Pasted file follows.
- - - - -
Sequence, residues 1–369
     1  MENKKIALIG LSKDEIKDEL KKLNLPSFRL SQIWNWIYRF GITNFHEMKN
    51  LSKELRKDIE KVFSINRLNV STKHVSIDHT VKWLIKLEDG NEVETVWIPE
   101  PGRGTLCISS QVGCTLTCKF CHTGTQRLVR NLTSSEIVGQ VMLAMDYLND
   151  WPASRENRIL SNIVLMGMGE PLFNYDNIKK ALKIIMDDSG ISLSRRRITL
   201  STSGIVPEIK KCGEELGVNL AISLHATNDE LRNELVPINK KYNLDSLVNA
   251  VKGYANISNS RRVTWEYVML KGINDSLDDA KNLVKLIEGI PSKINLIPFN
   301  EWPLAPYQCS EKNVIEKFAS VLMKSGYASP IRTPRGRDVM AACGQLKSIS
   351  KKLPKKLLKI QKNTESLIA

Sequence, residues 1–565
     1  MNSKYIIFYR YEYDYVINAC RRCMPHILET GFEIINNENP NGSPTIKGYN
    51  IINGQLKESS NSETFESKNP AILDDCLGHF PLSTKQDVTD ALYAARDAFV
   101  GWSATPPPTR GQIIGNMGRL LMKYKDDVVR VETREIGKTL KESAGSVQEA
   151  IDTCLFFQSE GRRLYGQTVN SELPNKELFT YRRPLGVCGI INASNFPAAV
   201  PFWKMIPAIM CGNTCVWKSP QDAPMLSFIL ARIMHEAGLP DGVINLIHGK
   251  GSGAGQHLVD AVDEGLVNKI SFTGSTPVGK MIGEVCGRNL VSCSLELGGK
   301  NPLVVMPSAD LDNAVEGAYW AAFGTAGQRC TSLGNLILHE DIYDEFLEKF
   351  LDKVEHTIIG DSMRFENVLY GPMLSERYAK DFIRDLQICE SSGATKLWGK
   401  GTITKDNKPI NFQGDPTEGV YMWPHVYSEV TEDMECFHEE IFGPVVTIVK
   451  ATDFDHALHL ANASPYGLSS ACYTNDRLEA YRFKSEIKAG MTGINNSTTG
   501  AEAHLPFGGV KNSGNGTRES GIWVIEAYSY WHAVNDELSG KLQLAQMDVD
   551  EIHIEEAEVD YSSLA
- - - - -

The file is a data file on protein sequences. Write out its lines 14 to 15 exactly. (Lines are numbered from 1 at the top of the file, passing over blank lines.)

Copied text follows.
   151  IDTCLFFQSE GRRLYGQTVN SELPNKELFT YRRPLGVCGI INASNFPAAV
   201  PFWKMIPAIM CGNTCVWKSP QDAPMLSFIL ARIMHEAGLP DGVINLIHGK